Risk-Based Monitoring. Risk-Based Execution. Risk-Based Quality Management. The monitoring and management of clinical trials are called many things—yet, they are, in fact, different. FDA Director of the Office of Scientific Investigations, David Burrow, notes that “Risk-based quality management is not just risk-based monitoring.” RBQM is a more substantial undertaking, requiring quality, reliability, and interpretability. It is achieved through a combination of risk assessment, appropriate protocols, and risk-based monitoring. And to be successfully implemented, it demands planning, based on proper assessments, with mitigation, escalation, and remediation strategies. Regulators want to see clinical trials implementing this approach. Yet, sponsors and contract research organizations (CROs) are finding it challenging. It doesn’t have to be.
There is a considerable shift in the volume, the sources, and the complexity of data.
Today, we live in the new world of Big Data. Indeed, the largest companies on the planet are data companies, and they ensure that we generate new data at every moment, which they then accrue, analyze, and utilize. This data explosion has also occurred within clinical trials, as we gather information from an increasing diversity of laboratory assays, from wearable devices, from electronic health records—and even from banks of historical data. Yet the ability to harness all that clinical trial data has not kept pace. As these sources of data continue to multiply, shift, and evolve, we face an increasing imperative to take a fresh approach to clinical trial data management.
It’s time for the clinical trial industry to leave legacy technologies and processes behind.
The technology used in dozens of industries has evolved to manage, analyze, and react to multiple data points in near real-time. Think of the fraud alerts triggered by atypical credit card expenditures or the various interconnected processes involved in using the Uber app.
Yet the clinical trial industry lags, mainly using technologies developed in the 1970s and 1980s. They are inadequate for today’s needs. Like Uber passengers, the industry would benefit from a single application that could manage extensive data and complex processes in one seamless, easy-to-use interface that boils down to a single, simple question when you log in: Where to?
Instead, most people are still using legacy Clinical Trial Management Systems (CTMS) that were initially created by uniting many disparate technologies under a single centralized umbrella system. As they have grown more complex, individual capabilities have split off, so now a trial may have separate portals for investigative management, for payments, for contacts. Most CTMSs do not have built-in analytics tools; those need to be managed separately.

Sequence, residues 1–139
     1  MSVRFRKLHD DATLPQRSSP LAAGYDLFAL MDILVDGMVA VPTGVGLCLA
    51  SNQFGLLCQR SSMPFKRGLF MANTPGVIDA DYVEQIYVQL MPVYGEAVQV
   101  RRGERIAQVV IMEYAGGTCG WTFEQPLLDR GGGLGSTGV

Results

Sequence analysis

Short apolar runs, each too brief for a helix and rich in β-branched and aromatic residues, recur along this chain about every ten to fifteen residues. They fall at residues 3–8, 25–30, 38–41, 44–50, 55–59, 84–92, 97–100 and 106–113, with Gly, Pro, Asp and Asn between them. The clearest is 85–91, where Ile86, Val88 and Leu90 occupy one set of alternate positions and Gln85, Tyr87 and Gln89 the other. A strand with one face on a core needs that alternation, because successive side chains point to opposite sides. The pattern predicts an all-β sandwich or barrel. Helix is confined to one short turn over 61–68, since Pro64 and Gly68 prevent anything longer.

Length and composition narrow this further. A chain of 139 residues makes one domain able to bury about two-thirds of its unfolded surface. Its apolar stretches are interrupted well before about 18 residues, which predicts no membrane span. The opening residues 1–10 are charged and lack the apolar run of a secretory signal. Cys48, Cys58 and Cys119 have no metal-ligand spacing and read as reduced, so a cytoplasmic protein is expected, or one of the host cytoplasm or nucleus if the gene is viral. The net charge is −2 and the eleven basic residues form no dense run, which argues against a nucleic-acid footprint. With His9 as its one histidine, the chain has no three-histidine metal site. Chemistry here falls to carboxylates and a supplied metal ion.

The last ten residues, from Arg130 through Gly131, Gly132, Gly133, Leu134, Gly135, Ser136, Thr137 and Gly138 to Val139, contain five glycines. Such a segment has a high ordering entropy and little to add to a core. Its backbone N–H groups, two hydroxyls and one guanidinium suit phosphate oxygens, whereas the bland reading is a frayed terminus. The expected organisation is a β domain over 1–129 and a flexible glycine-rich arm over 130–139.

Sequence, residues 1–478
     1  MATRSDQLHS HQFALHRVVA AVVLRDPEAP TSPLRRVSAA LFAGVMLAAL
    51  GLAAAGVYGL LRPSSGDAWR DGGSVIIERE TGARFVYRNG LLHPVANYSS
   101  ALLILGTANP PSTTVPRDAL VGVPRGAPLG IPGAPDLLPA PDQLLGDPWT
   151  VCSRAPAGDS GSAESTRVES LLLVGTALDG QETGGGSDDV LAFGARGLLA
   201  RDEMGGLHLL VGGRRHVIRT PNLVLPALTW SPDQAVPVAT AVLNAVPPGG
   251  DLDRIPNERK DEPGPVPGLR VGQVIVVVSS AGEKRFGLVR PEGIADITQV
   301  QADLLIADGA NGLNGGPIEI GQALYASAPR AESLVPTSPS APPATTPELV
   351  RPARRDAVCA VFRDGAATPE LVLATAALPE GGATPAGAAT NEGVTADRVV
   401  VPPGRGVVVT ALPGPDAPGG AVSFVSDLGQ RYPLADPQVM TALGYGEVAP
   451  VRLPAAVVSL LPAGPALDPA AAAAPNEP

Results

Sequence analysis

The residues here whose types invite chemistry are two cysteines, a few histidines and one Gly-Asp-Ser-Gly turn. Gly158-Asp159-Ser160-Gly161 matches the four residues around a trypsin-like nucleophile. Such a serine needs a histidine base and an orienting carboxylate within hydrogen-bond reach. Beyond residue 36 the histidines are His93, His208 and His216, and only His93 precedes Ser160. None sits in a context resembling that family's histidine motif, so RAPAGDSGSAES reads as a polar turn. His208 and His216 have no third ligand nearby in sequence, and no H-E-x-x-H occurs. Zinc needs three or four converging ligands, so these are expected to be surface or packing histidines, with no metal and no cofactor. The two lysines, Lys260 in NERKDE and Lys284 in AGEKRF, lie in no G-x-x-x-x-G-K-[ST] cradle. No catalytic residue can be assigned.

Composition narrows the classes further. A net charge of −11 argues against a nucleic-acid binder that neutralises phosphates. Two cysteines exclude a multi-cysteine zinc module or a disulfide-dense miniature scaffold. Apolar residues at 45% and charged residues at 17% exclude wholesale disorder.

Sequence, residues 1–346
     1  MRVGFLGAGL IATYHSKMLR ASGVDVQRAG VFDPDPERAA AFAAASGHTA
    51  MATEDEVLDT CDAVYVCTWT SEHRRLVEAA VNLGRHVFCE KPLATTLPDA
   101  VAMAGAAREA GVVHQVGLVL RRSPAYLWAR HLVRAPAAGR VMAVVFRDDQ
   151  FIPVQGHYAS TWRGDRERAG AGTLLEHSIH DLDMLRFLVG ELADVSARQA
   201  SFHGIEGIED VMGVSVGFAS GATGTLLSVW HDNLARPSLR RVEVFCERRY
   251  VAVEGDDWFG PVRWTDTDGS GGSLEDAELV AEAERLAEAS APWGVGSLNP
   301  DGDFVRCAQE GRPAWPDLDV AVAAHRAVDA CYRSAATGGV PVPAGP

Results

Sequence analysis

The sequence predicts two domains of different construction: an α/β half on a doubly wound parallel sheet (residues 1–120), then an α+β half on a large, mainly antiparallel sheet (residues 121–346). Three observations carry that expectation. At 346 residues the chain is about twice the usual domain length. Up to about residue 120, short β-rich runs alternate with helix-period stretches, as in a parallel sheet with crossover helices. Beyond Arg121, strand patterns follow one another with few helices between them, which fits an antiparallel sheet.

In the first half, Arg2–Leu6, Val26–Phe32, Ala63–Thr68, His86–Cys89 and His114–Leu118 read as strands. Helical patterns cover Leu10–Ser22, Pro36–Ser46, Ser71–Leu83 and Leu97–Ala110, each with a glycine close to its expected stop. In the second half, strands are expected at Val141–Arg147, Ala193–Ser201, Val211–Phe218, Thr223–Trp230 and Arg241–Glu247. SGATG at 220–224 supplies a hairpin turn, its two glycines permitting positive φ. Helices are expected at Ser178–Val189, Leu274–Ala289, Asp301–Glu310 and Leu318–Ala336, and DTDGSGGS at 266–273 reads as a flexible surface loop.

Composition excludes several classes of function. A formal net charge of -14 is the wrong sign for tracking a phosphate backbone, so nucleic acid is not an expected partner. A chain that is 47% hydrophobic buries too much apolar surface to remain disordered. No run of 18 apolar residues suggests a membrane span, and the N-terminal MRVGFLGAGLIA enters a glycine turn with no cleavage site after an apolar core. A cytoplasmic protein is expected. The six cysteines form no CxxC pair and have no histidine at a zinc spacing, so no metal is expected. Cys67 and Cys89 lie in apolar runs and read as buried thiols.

Meanwhile, despite the onslaught of data, monitoring processes remain mostly unchanged. Now, instead of conducting a 100% source data verification (SDV) by comparing paper case report forms against medical records, monitors compare the electronic data capture to the medical history. This still occurs in person at the study site.
New technologies can simplify trial monitoring and management while delivering more accurate results.
Clinical trials are designed to ensure safety and measure the efficacy of potential new therapeutics. They do so by collecting, monitoring, and analyzing data. It is imperative both to eliminate any fraudulent data and to confirm that all the collected data is accurate and complete. Yet, the massive new amounts of data have made that increasingly challenging and legacy monitoring processes, such as SDV, have proven inadequate for capturing errors. Regulators and industry experts are seeking change.
- In the design phase of every study, thoughtful consideration should be given to whether monitoring will be onsite, remote, or centralized—and why.
- The operation and management of clinical trial data should occur on one consolidated platform that guides the user through the process and provides actionable outputs.
- That data should be accessible and useable in day-to-day trial operations—both onsite and remote.
This software should not require manual engagement, and it should not merely move current processes online. It should revolutionize the steps themselves, offering true integration, simplification, and speed.
It is possible to combine business intelligence tools and operational systems. Demand it.
RBQM should be the foundational approach to managing a study. Through continual, ongoing evaluation, it improves the data quality and therefore improves both analysis and the capture of safety issues. It also enhances the efficiency of the study manager or clinical research associate.
That’s because RBQM isn’t complicated—and the right technology can make RBQM virtually simple.
By integrating all systems into a single platform, sponsors and CROs can deliver consistency across monitoring roles, essential for a regulatory audit trail. They can also build efficiencies within the system to produce more accurate results faster and with some potential cost-savings. They can bring clinical trial monitoring and management into the twenty-first century. To learn more about the technology divide and how to solve it, we invite you to check out our webinar, Sharp Thinking: A New Angle on Clinical Trial Management Systems.